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Dave, where is the regulator and return line. I have used regulators that tapped into the intake and adjusted the pressure based on manifold pressure.
 

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Discussion Starter #9 (Edited)
uglyduck said:
Dave, where is the regulator and return line. I have used regulators that tapped into the intake and adjusted the pressure based on manifold pressure.
This is just the first 'phase'. The return system is my winter project. Some more info here: http://www.newcelica.org/forums/showthread.php?t=242414&highlight=smaay+fuel+return
Bleu Omdurman said:
Dave, i wonder how many times you have painted your engine trim?
BTW, i like the current one the most!:up:
If you mean the letters on the cover, my daughter just painted it for the first time last week. Welcome back to the states!
 

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very cool, made one for my supercharged 02, and never thaught of it for my FI package in the Elise. It does exactly what Dave says, whereby providing a ample consistant fuel delivery accross all injectors.
 

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i would expect that, in a system such as the ECU we have, the nonlinearities can be/are dialed out in the calibration so the add-ons may not be needed.

with the small pressures involved with carburetors, a rising rate regulator sure does insure that fuel starvation doesn't occur.
i had a lot of fun playing with maserati biturbos.
 

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Dave,

I am going to put mine on tomorrow, how did you get that fuel line clip apart down by the windshield washer tank? Does it just kind of pry apart, or is there a trick? I guess the stock clip is not reused, going by your pictures.
 

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Discussion Starter #16
Dave,

I am going to put mine on tomorrow, how did you get that fuel line clip apart down by the windshield washer tank? Does it just kind of pry apart, or is there a trick? I guess the stock clip is not reused, going by your pictures.
The clip will unsnap about halfway, no need to completely remove. Then just separate the two lines...you might have to work them a bit.
 

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The clip will unsnap about halfway, no need to completely remove. Then just separate the two lines...you might have to work them a bit.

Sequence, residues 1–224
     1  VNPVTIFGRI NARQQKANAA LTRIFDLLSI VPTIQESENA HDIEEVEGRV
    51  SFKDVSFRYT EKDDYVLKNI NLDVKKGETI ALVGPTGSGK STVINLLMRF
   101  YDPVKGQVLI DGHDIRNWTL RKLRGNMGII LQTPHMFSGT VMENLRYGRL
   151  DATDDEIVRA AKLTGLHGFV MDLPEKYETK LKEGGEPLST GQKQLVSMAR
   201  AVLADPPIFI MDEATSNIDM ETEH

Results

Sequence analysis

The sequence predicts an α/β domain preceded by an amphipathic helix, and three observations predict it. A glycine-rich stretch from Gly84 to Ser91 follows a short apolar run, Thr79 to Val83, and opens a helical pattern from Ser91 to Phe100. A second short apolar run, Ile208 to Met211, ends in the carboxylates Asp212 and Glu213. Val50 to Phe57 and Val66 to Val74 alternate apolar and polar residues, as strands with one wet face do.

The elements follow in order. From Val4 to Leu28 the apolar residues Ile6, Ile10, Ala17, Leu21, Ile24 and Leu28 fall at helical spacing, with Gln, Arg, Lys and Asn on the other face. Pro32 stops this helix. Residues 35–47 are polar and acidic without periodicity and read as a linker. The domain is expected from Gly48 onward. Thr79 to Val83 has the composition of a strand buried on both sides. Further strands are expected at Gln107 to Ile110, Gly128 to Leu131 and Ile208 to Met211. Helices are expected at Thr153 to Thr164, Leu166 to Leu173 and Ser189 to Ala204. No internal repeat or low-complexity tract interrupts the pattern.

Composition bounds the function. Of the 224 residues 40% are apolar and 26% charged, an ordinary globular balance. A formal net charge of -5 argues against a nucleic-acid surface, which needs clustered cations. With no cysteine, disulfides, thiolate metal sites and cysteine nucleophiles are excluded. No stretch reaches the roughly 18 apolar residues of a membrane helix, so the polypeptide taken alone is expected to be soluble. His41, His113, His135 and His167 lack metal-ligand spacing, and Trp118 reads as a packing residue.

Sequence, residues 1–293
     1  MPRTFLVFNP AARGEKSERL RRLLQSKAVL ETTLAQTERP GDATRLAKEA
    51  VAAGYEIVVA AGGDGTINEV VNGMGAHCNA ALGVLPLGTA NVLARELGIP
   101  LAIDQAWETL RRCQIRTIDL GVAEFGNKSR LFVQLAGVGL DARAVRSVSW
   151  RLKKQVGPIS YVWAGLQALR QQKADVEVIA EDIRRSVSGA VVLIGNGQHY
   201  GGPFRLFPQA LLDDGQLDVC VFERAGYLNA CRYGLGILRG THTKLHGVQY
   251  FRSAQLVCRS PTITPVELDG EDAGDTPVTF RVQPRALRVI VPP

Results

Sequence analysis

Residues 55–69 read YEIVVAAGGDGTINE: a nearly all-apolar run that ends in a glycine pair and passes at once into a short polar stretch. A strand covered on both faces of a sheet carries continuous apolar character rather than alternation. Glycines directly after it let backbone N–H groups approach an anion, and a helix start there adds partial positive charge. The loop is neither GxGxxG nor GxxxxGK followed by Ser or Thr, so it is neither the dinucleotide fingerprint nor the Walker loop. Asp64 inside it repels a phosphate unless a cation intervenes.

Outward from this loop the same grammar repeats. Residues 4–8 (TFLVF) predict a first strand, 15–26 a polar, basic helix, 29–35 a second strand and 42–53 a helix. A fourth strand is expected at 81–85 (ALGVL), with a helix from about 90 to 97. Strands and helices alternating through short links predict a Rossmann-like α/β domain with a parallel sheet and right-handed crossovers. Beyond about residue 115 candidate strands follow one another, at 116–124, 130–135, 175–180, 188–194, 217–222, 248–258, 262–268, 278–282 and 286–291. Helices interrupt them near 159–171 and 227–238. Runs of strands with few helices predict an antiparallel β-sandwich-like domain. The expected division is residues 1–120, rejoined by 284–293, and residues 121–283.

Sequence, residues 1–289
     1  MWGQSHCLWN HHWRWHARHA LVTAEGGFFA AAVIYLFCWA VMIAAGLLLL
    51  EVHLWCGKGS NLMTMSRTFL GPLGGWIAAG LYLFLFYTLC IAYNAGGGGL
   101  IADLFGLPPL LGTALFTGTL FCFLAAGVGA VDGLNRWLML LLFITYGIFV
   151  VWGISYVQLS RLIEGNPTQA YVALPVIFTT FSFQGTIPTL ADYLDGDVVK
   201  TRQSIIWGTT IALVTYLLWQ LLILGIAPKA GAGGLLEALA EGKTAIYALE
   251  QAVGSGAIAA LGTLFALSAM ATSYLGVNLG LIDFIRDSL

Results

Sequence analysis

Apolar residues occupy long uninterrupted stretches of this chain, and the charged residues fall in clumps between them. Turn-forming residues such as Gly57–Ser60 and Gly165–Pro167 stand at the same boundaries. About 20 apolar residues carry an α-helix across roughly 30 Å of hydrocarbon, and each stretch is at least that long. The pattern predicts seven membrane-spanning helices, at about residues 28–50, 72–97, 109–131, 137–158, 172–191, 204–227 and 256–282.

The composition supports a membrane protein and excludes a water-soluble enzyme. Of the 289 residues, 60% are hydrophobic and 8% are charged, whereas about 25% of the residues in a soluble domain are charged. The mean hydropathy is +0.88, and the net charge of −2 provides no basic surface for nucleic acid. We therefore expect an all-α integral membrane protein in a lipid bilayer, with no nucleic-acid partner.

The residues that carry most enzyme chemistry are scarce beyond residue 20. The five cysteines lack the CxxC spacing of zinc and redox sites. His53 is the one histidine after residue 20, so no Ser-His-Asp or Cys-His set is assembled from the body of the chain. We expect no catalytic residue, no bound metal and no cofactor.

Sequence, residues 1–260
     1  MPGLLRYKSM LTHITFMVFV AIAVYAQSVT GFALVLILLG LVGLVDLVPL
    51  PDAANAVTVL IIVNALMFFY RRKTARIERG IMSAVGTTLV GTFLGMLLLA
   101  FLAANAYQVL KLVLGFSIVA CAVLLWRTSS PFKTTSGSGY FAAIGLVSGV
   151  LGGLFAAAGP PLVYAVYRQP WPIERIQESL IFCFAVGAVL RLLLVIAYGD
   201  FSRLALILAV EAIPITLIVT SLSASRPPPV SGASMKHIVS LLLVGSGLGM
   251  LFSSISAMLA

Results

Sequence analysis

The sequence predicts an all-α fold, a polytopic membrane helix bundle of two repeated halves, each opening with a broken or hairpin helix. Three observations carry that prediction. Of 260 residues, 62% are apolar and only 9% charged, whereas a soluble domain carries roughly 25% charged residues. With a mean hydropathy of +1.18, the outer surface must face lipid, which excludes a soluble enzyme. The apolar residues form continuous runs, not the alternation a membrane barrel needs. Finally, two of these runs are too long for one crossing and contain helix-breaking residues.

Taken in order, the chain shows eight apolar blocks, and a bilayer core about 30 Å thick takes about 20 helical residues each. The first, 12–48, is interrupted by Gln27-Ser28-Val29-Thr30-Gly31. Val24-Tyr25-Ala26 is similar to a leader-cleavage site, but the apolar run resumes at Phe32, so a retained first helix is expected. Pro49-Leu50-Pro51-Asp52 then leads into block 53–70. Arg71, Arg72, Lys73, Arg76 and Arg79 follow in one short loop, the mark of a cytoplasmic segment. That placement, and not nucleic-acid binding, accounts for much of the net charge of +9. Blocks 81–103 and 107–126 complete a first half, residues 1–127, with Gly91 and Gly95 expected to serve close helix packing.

OK, thanks.
 

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Before I comment, an FYI - I've been involved in fuel system design for > 20 years and actually worked with Lotus on their 2.2L turbo and Chevy LT5 programs. A couple of points. 1st, Regulators in recirculating / return systems should ideally be located at the rail. That reduces pressure pulsations induced by the injectors and the amount of time required by the regulator to react. It also helps with hot fuel handling / hot restart because it can more quickly purge the vapor at the top of the rail. 2nd, fuel system design is a lot harder than it looks. If improperly designed, a system can resonate leading to rich or worse, lean cyclinders under certain operating points. Since people are running these pig rich, maybe that doesn't matter (unless the cylinder walls are getting their oil too washed down with fuel).

The fact that the Lotus rail's inlet is on one end is not necessarily bad, and moving it to the middle won't necessarily help anything if it wasn't optimized for the car, injectors, fuel lines, and calibration. I cannot emphasize how much work goes into designing, testing, and calibrting fuel system for cars. It usually takes OEMs 3 or more years with an unbelieveable amount of resources.

Anyway, I'm not saying that any of this bad stuff will necessarily happen with this rail, I would just like to see some system data before buying it. Otherwise, it looks like a nice piece.
 

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Dave; Do you expect to have to alter your ecu tune by swapping the fuel rail?
I believe he will. Dave may use charlies new tuneable solution or swapping back out for the xede to tune it.